Often in the media and on social media we hear the words “Buy local, buy Australian”. Most of us agree with this ideal and would like to buy Australian to support our own farmers and manufacturers. But it’s not that simple, is it?
What does “buying local” really mean? How does it really impact our local economy and community?
In an age when we are seemingly surrounded by corporate owned retail chains, the words “buy local” are often scoffed at. How can we possibly buy Australian or buy local when we don’t really know who owns what businesses any more?
But perhaps that’s missing the point entirely — perhaps buying local is simple and does directly impact our community more than we think.
Buying local means supporting the local café even if it’s a franchise of a large corporate brand, because the person who owns that local franchise shop is also a local and employs local university students and tradespeople as their work force.
That same business would like to make a better profit because they genuinely would like to be able to afford to employ more local staff and they’d like give to a local charity, and support the local primary school fair this year.
We need to see our community and its businesses differently. We are interdependent — we need to see the people who own, run and work in the businesses, not just the brand or lack of brand on the front door.

## Why does buying local build your community? Local work forces buy local — in my lunch break I’ll often run down the street and do a quick bit of grocery shopping, or buy a present or coffee and lunch from the shops around me. Schools and clubs need sponsors for projects like shade sails and air-conditioning, and prizes for raffles to buy equipment. If your local school population buys from the local businesses which sponsor school projects, then there’s a direct demonstration of return on investment to the sponsoring business. So they are more likely to continue to support your school each year. Charities which rely on the donations of small businesses in their communities need to be able to show their sponsors that it’s worthwhile supporting them and that the business will get exposure and more people will buy from them if they support the charity. Young people and university students need after-school jobs to teach them the value of working for a living while studying. Mums trying to make ends meet need access to casual or part-time work close to home so they can be there for the kids too. More local small businesses mean more opportunities for these people, and better infrastructure and services for you. Small local businesses need to be able to turn a profit so they can grow and do more in their communities.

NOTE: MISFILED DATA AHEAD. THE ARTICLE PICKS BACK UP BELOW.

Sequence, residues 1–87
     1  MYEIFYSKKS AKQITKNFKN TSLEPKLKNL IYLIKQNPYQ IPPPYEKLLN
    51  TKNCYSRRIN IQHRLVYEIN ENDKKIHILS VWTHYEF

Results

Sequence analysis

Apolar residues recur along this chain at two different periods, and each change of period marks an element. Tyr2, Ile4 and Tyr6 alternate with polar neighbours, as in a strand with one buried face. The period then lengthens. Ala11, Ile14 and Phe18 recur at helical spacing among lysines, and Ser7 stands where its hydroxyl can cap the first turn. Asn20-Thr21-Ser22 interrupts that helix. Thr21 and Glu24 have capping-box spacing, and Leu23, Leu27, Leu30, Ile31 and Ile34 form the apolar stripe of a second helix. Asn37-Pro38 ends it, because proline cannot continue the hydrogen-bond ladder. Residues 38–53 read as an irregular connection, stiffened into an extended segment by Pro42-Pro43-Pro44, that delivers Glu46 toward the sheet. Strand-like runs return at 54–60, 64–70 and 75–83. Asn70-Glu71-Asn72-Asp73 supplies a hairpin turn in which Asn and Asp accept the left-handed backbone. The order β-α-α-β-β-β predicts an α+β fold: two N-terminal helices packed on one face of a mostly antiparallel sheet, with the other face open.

Is it more expensive to shop local than over the web?

In the short term it may be a bit more expensive, but this is a very limited and short-term perspective about the true cost.
If you take a wider view, what does it actually cost you and your community? Are you really saving money or are you paying your savings somewhere else? There are consequences to every decision you make.
If I choose, out of convenience and to save some time, to buy all of my groceries from the local Woolworths or Coles down the street I’m investing in the lives of local kids and mums who work there and I save some money. There’s nothing wrong with that.
But if I buy meat from the local butcher and vegetables from the grocer in that same complex and then the rest of my consumables from the supermarket it’ll take a little longer, cost me a little bit more cash upfront but I’m investing in building the local businesses in my community and providing a future for my children who will one day be looking for a job after school at one of those stores.
Plus, when I do I’ve just made it possible for three shops to prosper who will support the local primary school, sports club or charity with a donation of a meat tray or fruit platter at their next fundraiser because that business feels supported by their local community. Which also means the fees I pay don’t go up as high each year for my kids’ soccer rego, or their school equipment.
Next time you’re out shopping or on the hunt for a present, consider shopping locally first. Tell the shop owner why you’re shopping there, especially if you’ve noticed that they have supported a local community/school so they know that it was worth their while to invest some of their profit in their local community too. ☐